Bangladesh last year registered 32.7 percent year-on-year growth in foreign exchange transactions through SWIFT owing to an increase in trade finance payment.
Around eight million foreign currency transactions in and out of Bangladesh were completed through the SWIFT network last year, according to Alain Raes, chief executive of SWIFT's Asia-Pacific region.
Trade accounts for 56.1 percent of financial traffic sent by Bangladesh, which is 5.06 million a year.
“Bangladesh has registered significant growth in trade finance as it is gradually becoming a manufacturing hub,” he told The Daily Star in an interview yesterday.
Bangladesh's import payment rose 9.77 percent year-on-year to $33.18 billion between July and May, according to data from BB. Inward remittance was $14.22 billion in fiscal 2013-14, while Bangladesh exported $30.17 billion of goods in the same year.
Raes was in Dhaka to mark SWIFT's 20 years of operation in Bangladesh. A programme was organised at the capital's Westin hotel, which was attended by top officials of financial institutions and Bangladesh Bank Governor Atiur Rahman.
The country ranks 16th in the Asia-Pacific region for total sent traffic and 14th for received traffic, he said.
SWIFT, short for the Society for World-wide International Financial Telecommunication, is the member-owned cooperative that provides the communications platform, products and services to connect 10,500 banking organisations, securities institutions and corporate customers in 216 countries and territories.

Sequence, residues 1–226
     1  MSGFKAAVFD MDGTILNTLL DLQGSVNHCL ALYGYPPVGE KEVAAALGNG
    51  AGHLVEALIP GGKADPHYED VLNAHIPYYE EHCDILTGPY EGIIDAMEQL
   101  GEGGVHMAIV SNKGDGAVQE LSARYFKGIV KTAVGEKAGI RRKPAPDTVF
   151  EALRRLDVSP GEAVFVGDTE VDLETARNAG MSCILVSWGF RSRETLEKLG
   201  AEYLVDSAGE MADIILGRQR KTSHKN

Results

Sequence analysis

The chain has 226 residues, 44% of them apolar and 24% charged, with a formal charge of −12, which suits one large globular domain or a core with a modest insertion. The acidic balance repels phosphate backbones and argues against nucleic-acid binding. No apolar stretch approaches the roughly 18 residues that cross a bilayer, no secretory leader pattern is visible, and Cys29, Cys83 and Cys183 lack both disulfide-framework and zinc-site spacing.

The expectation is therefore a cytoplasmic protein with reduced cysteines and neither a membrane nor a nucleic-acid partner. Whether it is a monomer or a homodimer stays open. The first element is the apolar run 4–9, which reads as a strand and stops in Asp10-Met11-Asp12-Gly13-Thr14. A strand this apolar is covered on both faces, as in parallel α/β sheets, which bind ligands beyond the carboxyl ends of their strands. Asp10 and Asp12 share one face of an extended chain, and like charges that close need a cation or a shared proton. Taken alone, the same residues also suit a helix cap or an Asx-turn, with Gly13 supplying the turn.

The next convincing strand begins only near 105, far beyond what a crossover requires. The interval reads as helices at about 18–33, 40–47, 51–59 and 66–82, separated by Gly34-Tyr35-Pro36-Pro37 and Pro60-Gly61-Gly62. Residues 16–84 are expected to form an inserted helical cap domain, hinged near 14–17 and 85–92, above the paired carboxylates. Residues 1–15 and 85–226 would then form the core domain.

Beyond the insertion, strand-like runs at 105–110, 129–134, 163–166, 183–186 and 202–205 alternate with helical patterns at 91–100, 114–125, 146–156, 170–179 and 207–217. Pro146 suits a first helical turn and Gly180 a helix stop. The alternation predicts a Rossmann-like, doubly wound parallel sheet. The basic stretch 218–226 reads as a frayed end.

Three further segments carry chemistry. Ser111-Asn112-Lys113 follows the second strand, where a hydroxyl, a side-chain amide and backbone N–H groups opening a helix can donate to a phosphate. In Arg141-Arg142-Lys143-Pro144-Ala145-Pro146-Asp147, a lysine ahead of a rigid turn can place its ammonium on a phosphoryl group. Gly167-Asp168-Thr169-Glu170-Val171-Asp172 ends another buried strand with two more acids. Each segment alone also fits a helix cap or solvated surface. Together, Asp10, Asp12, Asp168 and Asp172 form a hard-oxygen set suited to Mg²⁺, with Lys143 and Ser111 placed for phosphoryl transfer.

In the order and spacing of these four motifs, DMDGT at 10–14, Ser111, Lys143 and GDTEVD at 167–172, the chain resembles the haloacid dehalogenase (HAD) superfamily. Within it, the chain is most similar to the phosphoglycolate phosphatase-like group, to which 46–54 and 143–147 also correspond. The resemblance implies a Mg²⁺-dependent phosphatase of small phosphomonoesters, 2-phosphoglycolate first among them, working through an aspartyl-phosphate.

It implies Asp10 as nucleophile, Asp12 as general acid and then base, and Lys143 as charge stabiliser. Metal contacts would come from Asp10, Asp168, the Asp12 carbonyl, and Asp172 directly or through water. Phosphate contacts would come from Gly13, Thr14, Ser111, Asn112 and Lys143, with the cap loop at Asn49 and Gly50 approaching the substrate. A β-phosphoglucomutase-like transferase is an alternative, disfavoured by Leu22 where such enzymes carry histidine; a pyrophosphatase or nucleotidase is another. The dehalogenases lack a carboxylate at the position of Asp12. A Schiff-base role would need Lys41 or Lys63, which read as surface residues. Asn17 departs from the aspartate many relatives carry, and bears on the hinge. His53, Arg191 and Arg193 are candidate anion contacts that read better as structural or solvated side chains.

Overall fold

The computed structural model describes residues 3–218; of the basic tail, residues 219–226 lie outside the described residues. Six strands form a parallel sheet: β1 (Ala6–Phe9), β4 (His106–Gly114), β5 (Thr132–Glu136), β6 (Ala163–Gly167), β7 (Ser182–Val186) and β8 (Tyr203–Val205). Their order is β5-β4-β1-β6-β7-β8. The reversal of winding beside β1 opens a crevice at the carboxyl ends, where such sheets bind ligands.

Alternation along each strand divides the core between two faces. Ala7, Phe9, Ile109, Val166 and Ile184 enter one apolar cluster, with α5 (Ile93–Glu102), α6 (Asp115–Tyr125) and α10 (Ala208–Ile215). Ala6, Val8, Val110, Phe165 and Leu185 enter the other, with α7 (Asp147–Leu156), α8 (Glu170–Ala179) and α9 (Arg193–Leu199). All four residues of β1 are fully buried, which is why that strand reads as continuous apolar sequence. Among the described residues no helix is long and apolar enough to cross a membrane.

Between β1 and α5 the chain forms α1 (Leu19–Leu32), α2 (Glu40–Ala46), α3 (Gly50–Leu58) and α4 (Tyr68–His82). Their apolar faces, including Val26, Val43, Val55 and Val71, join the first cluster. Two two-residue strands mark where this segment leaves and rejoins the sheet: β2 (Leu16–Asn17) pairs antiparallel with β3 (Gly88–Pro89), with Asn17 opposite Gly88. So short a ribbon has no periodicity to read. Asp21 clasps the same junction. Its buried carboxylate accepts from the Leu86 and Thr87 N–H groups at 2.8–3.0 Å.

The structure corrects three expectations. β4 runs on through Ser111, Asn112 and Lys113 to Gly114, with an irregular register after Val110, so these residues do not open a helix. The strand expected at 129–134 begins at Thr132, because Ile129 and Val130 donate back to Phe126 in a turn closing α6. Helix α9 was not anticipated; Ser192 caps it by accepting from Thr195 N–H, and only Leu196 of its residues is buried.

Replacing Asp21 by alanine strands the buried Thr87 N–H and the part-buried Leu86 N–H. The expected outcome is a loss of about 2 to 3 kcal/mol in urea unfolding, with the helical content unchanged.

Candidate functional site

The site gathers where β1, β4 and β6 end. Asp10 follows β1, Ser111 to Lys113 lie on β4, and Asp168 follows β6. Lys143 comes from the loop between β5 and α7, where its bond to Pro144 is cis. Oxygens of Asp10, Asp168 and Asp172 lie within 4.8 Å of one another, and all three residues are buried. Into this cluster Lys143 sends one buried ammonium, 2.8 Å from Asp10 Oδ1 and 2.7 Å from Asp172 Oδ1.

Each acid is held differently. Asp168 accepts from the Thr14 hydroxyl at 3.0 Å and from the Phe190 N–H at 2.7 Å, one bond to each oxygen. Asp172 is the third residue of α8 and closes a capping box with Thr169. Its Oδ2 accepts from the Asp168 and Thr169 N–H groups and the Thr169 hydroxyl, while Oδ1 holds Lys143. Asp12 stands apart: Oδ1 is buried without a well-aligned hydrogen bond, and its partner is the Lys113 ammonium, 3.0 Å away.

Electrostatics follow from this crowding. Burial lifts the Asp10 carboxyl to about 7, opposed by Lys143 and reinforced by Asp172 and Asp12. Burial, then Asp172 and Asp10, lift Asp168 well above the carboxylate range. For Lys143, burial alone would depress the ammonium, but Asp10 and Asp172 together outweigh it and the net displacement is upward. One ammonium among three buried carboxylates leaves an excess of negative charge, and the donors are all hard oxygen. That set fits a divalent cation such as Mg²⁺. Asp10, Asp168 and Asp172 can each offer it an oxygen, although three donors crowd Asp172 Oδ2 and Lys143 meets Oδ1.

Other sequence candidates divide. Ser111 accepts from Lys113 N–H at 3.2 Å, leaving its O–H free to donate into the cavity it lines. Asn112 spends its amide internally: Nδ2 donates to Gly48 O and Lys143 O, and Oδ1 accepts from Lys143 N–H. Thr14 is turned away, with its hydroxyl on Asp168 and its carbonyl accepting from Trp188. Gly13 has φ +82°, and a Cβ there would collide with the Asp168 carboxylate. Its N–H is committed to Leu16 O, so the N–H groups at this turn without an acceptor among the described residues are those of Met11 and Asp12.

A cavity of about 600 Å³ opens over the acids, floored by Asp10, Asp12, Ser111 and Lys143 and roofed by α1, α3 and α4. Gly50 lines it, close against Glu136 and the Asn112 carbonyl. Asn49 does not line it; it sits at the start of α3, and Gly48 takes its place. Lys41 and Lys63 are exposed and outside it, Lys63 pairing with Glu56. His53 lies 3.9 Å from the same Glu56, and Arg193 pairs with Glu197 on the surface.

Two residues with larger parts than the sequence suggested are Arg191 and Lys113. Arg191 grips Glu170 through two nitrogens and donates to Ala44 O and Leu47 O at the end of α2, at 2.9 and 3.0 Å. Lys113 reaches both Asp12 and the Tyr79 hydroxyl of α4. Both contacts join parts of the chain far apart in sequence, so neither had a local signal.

Its presence was extended to the US in 1979 and to Asia in 1980. Today, it handles more than four billion messages a year between financial institutions, market infrastructures and corporation.
The network was introduced to Bangladesh in 1994 by AB Bank Ltd and a few other ambitious commercial banks.
Later in 2002, more commercial banks including the central bank started using SWIFT for their day-to-day payment and settlement activities. At present, 56 commercial banks are members of SWIFT.
As a modern payment system, SWIFT is playing a crucial role for economic development of any country, Rahman said at the event, adding that the network has made secure, hassle-free foreign transactions possible for the country.
The BB governor said the central bank has taken an initiative to introduce real-time gross systems (RTGS), a specialist fund transfer system where transfer of money or securities takes place from one bank to another on a “real time” and on “gross” basis, in Bangladesh and would like to partner with SWIFT in this new venture.
“We look forward to having SWIFT play a vital role in the recent initiatives of RTGS in Bangladesh payment system. SWIFT may also consider exploring the inter-bank settlement system,” Atiur said.